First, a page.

leather dyers


loriners (or lorimers)







Of these, only tanners, curriers, cordwainers, and saddlersshowed up prominently in colonial Virginia—although alwaysas individual craftsmen, not as members of an organizedcraft or guild.

Cordwainers—the word comes from cordovan, a kind ofsumac-tanned leather much favored in medieval Englandand made originally in the Spanish city of Cordoba—wereshoemakers. The craft is to be carefully distinguished fromthat of cobbling, which is the mending of shoes. Althoughpractically all colonial Virginia shoemakers also did shoerepairing, the trade of cobbling was looked on, especially bycordwainers, as inferior in status.

Curiously, the initial groups of colonists sent to Jamestownby the Virginia Company lacked any leather craftsmen.Somehow the London “adventurers” thought that thereal adventurers to America could get along without tanners,curriers, or shoemakers. Just how the colonists were expectedto acquire shoes grows even more puzzling in lightof the English law that forbade exportation of goods madeof English leather.

In a few years, however, some tanners and shoemakershad been sent over and were at work in Jamestown. But notenough of them came or else (as is more likely) they abandonedtheir trades to grow tobacco. A 1625 report declared8that an extreme shortage of shoes and other apparel endangeredthe health of the population. Soon thereafter theVirginia Assembly took the first of many steps to promoteleathermaking and other manufactures in the colony.

Sometimes with the support of the home government,sometimes without, the assembly passed laws in 1632, 1645,1658, 1660, 1662, 1680, and 1682 forbidding the export fromVirginia of hides, skins, and certain other commodities. Theyhoped in this way to assure ample supplies of the rawmaterials and thus encourage colonial craftsmen to makemore of the needed products.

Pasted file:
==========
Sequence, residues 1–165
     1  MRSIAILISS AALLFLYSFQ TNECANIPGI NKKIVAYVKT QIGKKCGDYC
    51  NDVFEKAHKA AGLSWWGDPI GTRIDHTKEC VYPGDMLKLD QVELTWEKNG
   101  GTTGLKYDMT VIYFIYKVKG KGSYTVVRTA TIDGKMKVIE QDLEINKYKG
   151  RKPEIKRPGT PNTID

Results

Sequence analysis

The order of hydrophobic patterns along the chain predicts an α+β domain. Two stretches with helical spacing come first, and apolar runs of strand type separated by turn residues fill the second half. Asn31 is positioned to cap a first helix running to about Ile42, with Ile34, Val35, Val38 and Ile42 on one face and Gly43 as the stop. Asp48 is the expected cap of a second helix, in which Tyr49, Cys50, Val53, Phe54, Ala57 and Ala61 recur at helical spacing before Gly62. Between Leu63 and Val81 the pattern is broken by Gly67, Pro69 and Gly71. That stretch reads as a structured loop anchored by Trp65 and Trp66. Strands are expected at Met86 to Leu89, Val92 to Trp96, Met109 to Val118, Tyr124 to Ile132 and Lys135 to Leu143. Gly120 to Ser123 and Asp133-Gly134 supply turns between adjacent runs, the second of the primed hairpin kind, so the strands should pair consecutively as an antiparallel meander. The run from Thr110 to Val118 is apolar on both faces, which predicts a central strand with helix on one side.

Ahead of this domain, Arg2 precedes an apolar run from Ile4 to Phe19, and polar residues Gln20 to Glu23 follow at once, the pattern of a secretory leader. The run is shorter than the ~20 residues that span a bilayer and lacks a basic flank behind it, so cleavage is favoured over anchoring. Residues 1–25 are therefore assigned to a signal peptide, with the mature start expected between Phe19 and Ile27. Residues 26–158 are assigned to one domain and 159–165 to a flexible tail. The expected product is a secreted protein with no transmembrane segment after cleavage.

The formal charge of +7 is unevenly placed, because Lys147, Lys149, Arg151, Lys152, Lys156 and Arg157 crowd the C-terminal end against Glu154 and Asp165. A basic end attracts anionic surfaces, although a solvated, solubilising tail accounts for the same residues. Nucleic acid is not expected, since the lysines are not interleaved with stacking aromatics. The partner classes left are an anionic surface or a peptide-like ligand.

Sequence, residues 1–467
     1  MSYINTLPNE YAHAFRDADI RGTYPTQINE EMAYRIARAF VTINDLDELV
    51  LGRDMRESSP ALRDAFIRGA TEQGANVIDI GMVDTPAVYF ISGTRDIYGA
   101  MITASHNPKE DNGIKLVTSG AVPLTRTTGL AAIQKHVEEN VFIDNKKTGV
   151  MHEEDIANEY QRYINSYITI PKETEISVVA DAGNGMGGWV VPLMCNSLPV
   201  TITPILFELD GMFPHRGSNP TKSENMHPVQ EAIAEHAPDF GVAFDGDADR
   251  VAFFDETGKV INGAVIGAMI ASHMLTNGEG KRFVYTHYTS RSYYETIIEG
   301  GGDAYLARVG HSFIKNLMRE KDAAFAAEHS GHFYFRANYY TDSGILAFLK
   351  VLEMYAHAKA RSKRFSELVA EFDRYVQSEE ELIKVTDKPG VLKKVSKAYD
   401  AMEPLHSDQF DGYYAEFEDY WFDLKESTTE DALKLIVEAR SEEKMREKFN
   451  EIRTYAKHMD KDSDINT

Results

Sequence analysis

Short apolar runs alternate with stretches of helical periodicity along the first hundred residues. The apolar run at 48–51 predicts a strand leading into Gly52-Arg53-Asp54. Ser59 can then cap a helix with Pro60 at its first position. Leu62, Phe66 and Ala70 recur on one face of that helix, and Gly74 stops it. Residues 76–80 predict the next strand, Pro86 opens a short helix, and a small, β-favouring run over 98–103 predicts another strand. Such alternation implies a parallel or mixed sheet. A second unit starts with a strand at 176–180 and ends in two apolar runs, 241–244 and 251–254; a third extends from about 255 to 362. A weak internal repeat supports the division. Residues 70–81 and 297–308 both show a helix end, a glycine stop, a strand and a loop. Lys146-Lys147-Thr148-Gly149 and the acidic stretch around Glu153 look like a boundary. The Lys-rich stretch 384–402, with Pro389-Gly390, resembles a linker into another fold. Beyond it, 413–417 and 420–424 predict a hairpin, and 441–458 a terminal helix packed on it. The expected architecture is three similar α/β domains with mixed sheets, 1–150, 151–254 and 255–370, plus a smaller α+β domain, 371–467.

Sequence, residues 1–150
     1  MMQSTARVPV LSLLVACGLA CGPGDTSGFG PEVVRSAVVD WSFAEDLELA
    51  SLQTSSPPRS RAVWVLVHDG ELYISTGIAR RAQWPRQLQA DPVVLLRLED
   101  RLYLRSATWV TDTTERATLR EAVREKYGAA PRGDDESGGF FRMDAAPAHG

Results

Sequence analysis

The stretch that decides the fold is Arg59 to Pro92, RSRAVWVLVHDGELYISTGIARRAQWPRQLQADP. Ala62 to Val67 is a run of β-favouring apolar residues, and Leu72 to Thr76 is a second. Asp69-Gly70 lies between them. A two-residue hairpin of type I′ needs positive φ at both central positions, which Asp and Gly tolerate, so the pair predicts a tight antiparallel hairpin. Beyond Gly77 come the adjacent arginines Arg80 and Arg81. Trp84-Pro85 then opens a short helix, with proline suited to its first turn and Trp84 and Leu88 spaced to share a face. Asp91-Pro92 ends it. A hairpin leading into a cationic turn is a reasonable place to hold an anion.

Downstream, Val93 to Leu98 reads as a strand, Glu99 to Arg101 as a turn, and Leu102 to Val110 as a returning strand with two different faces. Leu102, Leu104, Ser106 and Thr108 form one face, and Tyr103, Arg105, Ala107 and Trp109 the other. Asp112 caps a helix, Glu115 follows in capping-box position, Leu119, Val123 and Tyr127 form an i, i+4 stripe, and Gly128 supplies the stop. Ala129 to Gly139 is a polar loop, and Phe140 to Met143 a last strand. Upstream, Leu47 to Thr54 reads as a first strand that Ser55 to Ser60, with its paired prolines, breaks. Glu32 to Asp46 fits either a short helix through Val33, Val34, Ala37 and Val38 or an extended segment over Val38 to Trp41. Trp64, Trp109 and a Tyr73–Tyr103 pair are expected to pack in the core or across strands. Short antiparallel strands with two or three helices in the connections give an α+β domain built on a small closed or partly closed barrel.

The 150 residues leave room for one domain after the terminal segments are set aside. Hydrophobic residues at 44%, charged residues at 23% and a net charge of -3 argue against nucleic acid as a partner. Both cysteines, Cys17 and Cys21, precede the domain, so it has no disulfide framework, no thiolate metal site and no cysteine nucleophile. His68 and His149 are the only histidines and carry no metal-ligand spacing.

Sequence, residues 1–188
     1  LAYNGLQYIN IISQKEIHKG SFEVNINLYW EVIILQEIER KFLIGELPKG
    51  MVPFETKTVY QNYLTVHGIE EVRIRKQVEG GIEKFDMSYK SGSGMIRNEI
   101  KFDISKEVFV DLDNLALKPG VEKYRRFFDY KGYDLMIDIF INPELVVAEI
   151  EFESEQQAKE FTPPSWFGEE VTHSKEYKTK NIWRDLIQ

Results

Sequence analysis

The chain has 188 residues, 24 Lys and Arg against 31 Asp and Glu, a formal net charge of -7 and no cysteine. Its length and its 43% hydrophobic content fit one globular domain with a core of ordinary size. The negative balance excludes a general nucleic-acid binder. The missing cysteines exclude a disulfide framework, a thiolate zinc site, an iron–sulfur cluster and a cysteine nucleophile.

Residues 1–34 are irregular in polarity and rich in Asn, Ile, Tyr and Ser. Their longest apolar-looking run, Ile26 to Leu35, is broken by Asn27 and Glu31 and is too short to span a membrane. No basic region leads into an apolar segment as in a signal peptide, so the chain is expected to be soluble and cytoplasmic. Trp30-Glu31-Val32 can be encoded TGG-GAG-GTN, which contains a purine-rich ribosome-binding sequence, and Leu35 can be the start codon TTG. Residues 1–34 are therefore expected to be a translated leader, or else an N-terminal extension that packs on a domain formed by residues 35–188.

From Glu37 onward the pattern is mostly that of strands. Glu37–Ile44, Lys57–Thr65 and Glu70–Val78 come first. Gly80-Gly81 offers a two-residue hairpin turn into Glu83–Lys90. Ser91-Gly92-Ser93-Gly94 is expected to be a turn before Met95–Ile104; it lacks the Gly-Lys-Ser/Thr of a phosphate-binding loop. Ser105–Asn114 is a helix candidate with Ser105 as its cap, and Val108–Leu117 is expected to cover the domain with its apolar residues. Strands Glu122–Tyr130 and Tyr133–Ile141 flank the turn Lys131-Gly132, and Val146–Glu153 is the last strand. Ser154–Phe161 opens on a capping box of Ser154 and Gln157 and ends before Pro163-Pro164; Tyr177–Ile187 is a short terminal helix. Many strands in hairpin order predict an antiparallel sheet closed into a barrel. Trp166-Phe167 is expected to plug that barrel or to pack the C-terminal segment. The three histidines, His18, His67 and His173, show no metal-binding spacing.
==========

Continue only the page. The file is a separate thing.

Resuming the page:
The legislation, in actuality, had less effect in Virginiathan in England. Colonial craftsmen continued to preferleathers imported from England, reputed to be the best oftheir kinds, for quality work—and to prefer tobacco growingto leatherworking anyway. But English merchants andcraftsmen repeatedly protested the threat of competitionin a market they felt belonged solely to them, so eachcolonial law in turn was either repealed on orders fromLondon or simply allowed to lapse.

The 1662 effort, somewhat more elaborate than the others,had no greater success in the end. At Jamestown the legislaturethat year passed three laws intended to increaselocal manufactures. One barred the export of hides, wool,and iron; another exempted from taxation any craftsmanwho followed his trade and did not plant tobacco; the thirdrequired each county in the colony of Virginia to erect“one or more tanhouses, and ... provide tanners, curryersand shoemakers, to tanne, curry and make the hides of thecountry into leather and shoes.” The manager of this tradefor each county was to allow the people two pounds oftobacco for each pound of dry hide they brought to thetannery, and “sell them shoos at thirty pounds of tobacco[for] plaine shoos, and thirty five pounds of tobacco for[shoes with] wooden heels and ffrench falls of the ... largestsizes, and twenty pounds of tobacco per pair for the smallershoos.”


CordonierAs the shoemaker needed an assortment of lasts on which to make shoes of differingsizes and shapes, so the bootmaker needed “boot legs” resembling his customers’calves. The engraving also shows a variety of eighteenth-century boot styles, the moreformidable being heavy military boots. Diderot.



The seventeenth century ended with legislation of a differenttenor. “An act declareing the dutie of Tanners, Curriersand Shoemakers,” passed in 1691, regulated workingprocedures and set quality standards to an extent remarkableeven at a time when detailed governmental regulationof economic activity was normal.

Tanners, this law decreed, were not to leave hides toolong in the lime-pits, nor put them into the tan-vats untilthey had been thoroughly cleansed of lime; curriers werenot to work “any hyde or skin not being thoroughly dry,”and were not to skimp on the amount or quality or freshnessof the grease they used in currying; cordwainers or shoemakerswere to use only leather that was “well and trulytann’d and curryed,” and were to make their boots, shoes,and slippers “well and substantially sewed with good